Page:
Irrespective of the contradictory positions taken by the parties in the past, however, Acacia’s argument that ViaSat counterclaims must be pursued, if at all, in the California Action is simply wrong. Massachusetts courts consistently have held that a dismissal based on the "long-barred practice of claim-splitting" is appropriate when "the same parties are involved in two actions, one begun before the other, and ... all the operative facts relied on to support the [second] action had transpired prior to the commencement of the first action." Gold Star Homes, LLC v. Darbouze, 89 Mass.App.Ct. 374, 377 (2016) (emphasis added, internal quotation marks and citations omitted). See also Zora Enterprises, Inc. v. Burnett, 61 Mass.App.Ct. 341, 346 (2004), cert. denied, 543 U.S. 1150 (2005) (same); Keen v. Western New England College, 23 Mass.App.Ct. 84, 85-87 (1986) (same); Eight Arlington Street, LLC v. Arlington Land Acquisition-99, LLC, 2007 WL 2367753, at *9 (Mass.Super. Aug. 3, 2007) [22 Mass.L.Rptr. 733] ("Claim splitting bars claims that existed at the time a party filed its previous suit. On the other hand, a party may file a subsequent suit asserting claims that arose after it filed the first suit") (internal citations omitted).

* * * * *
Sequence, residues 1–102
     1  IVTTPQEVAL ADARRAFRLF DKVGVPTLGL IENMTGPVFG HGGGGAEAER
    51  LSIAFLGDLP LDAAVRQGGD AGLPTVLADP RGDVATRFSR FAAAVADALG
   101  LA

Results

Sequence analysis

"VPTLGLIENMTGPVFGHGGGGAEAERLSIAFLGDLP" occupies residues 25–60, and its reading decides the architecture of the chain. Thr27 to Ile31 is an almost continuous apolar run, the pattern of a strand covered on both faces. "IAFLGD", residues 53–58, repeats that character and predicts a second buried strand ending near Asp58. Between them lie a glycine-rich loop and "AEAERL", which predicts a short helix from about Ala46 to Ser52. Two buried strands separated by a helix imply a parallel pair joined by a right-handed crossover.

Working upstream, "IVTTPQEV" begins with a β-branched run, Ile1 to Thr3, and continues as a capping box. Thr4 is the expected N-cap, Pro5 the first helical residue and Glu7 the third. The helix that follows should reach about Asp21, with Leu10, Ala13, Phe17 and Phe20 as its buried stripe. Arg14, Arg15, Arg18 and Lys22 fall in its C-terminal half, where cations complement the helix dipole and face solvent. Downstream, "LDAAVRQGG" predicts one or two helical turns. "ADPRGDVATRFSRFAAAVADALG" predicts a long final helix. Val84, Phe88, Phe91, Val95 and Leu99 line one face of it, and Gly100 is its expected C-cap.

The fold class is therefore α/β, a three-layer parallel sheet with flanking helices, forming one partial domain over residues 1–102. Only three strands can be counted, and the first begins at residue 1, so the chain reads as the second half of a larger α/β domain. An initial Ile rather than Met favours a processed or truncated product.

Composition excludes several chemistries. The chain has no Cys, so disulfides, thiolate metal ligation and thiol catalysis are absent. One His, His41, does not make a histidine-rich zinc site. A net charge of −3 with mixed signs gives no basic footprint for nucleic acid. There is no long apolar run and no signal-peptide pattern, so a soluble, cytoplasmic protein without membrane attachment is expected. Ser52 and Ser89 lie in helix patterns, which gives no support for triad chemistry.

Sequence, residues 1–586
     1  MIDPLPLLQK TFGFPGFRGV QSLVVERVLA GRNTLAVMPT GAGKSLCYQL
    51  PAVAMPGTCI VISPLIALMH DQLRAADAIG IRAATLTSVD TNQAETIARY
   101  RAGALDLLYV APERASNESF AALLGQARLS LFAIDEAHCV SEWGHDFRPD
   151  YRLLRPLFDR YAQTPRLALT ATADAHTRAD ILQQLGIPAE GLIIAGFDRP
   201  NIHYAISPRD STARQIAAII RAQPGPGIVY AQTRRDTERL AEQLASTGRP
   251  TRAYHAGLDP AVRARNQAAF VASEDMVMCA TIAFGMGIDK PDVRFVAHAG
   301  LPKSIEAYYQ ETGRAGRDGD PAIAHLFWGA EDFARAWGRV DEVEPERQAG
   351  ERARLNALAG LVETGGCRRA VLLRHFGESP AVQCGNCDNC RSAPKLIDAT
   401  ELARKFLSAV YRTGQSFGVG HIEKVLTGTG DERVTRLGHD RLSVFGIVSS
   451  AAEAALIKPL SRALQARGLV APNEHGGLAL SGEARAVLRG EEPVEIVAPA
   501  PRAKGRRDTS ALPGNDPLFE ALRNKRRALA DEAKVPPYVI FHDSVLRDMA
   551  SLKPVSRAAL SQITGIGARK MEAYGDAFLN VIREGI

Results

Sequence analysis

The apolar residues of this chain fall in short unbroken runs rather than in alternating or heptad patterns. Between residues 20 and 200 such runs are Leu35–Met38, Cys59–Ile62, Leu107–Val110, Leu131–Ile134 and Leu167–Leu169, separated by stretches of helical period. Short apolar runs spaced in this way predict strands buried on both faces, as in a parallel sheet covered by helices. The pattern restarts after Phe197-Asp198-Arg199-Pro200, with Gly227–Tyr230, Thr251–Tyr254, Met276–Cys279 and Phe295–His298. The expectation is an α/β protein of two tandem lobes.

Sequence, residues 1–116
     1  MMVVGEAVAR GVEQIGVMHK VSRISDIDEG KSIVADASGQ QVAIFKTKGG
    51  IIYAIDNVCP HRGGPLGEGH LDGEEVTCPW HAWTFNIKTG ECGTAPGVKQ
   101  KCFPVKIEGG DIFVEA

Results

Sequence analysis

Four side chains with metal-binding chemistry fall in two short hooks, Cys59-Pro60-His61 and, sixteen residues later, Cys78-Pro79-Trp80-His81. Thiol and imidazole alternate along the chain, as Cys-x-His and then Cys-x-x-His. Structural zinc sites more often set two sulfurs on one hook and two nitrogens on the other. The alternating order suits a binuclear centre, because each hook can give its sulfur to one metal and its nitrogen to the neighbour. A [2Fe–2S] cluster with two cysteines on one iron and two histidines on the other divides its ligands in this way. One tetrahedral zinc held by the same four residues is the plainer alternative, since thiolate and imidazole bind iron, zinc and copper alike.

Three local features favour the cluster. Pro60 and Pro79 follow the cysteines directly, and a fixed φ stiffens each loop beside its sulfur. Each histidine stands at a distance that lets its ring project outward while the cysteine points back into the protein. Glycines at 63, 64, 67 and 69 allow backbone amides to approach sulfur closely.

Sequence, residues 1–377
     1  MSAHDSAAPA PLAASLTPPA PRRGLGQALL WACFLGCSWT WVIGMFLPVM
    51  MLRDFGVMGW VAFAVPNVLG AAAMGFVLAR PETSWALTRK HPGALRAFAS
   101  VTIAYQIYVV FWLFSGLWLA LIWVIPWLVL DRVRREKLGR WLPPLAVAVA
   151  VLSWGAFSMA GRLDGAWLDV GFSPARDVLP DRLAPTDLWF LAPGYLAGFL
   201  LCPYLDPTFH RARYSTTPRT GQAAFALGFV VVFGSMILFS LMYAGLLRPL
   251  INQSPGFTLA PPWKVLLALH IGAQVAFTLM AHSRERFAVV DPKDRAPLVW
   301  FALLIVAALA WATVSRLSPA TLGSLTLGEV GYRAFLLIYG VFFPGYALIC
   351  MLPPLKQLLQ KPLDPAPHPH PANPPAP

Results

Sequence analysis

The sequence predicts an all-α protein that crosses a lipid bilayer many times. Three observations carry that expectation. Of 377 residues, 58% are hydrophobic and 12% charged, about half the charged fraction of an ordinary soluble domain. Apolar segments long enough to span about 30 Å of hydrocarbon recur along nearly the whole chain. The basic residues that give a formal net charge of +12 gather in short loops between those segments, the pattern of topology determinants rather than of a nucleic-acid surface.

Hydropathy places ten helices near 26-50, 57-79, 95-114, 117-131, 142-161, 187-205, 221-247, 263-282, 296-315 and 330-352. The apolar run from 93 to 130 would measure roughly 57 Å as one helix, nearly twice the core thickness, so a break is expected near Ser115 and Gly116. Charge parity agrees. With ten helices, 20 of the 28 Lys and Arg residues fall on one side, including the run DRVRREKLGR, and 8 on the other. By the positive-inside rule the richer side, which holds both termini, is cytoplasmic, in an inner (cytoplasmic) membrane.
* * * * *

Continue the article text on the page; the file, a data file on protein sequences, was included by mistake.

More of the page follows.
ViaSat’s counterclaims in this case turn on Acacia’s alleged disclosure, or threatened disclosure, of ViaSat’s trade secrets to OIF’s membership in or around May, June, and July of 2017. Those events undeniably occurred (if they occurred at all) more than one year after ViaSat commenced the California Action. It is, therefore, apparent that all of the operative facts relied upon by ViaSat to support its counterclaims did not "transpire[ ] prior to the commencement" of the California Action, and that ViaSat is not barred from pursuing its counterclaims against Acacia as a result.[1] Gold Star Homes, LLC, 89 Mass.App.Ct. at 377.

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Notes:

[1] In this context, the Court has considered, and rejects, Acacia’s argument that its alleged continuing misappropriation of ViaSat’s trade secrets, including its actual or threatened disclosure to OIF’s membership, constitutes a single, indivisible "claim" that cannot be asserted in multiple forums. Most of the trade secret cases cited by Acacia in support of this proposition turn on language contained in the Uniform Trade Secrets Act ("UTSA"). See, e.g., Cadence Design Systems, Inc. v. Avant! Corp., 29 Cal.4th 215, 222 (2002) ("The most critical section of UTSA for purposes of this case is section 3426.6, which provides: ‘An action for misappropriation must be brought within three years after the misappropriation is discovered or by the exercise of reasonable diligence should have been discovered. For the purposes of this section, a continuing misappropriation constitutes a single claim ’ ") (emphasis in original). The UTSA only became effective in Massachusetts on October 1, 2018, and its terms explicitly "do not apply" to any alleged ...